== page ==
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Tuesday, 18 May 1965


Senator WRIGHT (Tasmania) .- I listened with care to what the Minister said when closing the debate. When he reads his speech tomorrow in " Hansard " he will find that he was stating the position which existed before this clause was introduced. Section 116 of the Act, which is to be amended, provides -

The Court may make such orders as it thinks just as to the costs and expenses (including the expenses of witnesses) of proceedings before the Court. . . .

The Court is to have complete power to make such order as to costs and expenses as it thinks just. It can fix costs. In the proper cases, it can limit costs to one or two counsel or to whatever number it thinks appropriate. I contest that provision. If the purpose of the amendment was not to allow the costs of two counsel unless the Court certified that the case was proper for the attendance of two counsel, that would be in the ordinary way a proper provision to make. But under the terms of the amendment before us, the power of the Court to award just costs is to be subordinated to the Government's point of view in making regulations under the authority that is to be conferred by clause 14, which states that the Court is to have power to regulate any matters with respect to costs and expenses, including the expenses of witnesses, of proceedings before the Court. I believe this is wholly inappropriate and that the power now possessed by the Court should be relied upon.

I would add my support to the proposition that the Court should have much greater control of the costs that it allows. I am led to believe that some of the costs which accrue under orders of the Court are extravagant in the extreme. I believe that legal costs should come under a very clear and rigid review, not only in the arbitration jurisdiction, but in many other jurisdictions as well, because they are getting out of hand. To confine myself to the industrial field, I point out that without this amendment the Court is a repository of power now to make any order that it thinks is just. It is simply lacking in its duty in cases where it thinks that costs should be limited to one counsel, if it awards any party costs of two counsel.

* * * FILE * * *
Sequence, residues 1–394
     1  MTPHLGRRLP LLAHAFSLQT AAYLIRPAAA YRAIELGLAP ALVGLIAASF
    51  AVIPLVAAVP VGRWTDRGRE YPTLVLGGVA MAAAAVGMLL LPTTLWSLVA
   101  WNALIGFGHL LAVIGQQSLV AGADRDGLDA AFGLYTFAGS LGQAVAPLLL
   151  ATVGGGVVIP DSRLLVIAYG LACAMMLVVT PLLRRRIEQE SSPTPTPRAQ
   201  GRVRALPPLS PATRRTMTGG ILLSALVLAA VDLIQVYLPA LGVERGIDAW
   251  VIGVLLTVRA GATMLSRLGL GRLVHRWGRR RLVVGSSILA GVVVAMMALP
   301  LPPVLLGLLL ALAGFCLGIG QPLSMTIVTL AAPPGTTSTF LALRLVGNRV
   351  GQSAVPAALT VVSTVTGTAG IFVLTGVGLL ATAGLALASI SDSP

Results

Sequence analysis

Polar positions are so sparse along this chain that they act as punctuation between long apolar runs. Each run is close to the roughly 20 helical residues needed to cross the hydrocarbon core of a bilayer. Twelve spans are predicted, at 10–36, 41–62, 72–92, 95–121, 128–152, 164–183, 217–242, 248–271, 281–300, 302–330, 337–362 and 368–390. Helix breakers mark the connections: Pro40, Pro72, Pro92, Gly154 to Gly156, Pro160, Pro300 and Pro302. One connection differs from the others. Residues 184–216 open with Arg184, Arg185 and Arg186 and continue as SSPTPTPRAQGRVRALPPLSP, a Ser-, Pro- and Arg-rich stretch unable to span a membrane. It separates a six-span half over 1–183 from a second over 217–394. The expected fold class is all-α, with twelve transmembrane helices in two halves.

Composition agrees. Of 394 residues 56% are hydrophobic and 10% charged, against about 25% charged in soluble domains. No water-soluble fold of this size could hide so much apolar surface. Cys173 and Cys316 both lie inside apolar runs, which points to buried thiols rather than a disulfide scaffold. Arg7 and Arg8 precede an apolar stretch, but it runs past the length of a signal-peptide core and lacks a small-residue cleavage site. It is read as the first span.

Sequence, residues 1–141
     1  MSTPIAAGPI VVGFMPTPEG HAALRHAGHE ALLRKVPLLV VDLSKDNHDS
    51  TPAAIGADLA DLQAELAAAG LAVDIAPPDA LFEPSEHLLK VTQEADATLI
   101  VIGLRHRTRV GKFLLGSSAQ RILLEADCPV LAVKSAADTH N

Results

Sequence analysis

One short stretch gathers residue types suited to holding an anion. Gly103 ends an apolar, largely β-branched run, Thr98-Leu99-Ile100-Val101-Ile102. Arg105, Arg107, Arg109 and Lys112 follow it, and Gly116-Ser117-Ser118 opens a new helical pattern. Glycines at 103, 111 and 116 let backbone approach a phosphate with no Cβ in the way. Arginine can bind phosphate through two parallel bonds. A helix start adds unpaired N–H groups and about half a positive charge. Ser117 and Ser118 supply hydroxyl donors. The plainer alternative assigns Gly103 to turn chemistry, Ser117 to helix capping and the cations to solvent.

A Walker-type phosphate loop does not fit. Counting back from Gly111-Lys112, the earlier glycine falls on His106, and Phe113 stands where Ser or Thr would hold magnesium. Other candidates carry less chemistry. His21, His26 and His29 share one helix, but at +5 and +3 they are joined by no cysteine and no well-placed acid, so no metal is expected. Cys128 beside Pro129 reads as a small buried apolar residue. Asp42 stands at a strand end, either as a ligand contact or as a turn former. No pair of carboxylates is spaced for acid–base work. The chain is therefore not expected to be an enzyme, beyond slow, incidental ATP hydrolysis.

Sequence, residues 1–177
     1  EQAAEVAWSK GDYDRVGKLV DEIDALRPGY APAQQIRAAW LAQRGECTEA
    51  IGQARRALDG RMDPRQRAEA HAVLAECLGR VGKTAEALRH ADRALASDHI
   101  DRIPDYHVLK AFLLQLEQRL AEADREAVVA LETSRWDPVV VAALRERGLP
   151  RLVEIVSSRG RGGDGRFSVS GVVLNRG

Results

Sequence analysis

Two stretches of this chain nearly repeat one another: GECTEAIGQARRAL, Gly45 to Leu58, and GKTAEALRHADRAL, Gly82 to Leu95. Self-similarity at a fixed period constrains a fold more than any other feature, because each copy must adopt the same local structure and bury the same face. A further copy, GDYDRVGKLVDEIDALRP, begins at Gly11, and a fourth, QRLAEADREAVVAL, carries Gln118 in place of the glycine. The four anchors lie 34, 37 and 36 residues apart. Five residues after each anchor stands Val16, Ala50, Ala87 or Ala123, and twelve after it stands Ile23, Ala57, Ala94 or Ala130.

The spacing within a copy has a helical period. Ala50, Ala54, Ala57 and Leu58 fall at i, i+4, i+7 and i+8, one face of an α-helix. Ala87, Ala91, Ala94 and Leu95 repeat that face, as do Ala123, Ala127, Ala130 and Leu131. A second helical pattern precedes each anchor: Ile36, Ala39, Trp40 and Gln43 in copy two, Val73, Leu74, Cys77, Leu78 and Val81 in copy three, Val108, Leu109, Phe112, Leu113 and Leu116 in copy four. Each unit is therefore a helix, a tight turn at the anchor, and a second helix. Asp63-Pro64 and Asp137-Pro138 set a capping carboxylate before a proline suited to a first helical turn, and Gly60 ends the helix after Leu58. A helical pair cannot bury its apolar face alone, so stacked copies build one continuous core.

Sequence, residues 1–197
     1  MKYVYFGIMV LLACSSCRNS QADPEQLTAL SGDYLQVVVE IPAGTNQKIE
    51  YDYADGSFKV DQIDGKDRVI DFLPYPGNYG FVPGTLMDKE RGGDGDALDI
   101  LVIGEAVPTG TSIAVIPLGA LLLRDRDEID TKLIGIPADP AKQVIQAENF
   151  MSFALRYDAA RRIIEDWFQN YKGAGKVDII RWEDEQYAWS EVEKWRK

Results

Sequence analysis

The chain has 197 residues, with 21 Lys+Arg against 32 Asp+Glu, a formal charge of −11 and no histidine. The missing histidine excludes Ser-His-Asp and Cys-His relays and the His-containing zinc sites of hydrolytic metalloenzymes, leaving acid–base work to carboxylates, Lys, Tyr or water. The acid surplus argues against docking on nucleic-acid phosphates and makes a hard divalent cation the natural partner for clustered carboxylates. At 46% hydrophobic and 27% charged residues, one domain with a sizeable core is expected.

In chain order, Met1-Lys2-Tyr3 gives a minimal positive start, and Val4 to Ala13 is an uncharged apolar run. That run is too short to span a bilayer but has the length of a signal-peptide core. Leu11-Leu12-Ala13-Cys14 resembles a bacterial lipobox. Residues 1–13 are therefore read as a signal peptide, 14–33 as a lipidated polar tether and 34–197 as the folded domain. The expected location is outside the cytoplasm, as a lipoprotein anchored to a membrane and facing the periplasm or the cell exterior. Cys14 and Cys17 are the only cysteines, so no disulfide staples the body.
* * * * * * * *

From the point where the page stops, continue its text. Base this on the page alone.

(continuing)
In my view the amendment is entirely wrong because it is subordinating the Court's complete power to do justice to a regulation which any Minister for Labour and National Service may make from time to time according to his idea of the quantum of costs. The Court should be left with an unfettered discretion. If there is any failure on its part to limit costs and prevent them from becoming excessive, there are proper means of making submissions to the Court to see that the failure does not recur. But to subordinate the Court's jurisdiction to a Government's power by regulation to fix costs is quite wrong. Usually the judges of a superior court such as the Commonwealth Industrial Court would be given the power to make the rules with regard to costs. They would be published in the ordinary way and would come before us as rules that could be dealt with in each House of Parliament. There should not be a ministerial fixation of costs to which the Court's discretion is subordinated. For that reason I am opposed to the amendment suggested in clause 8.







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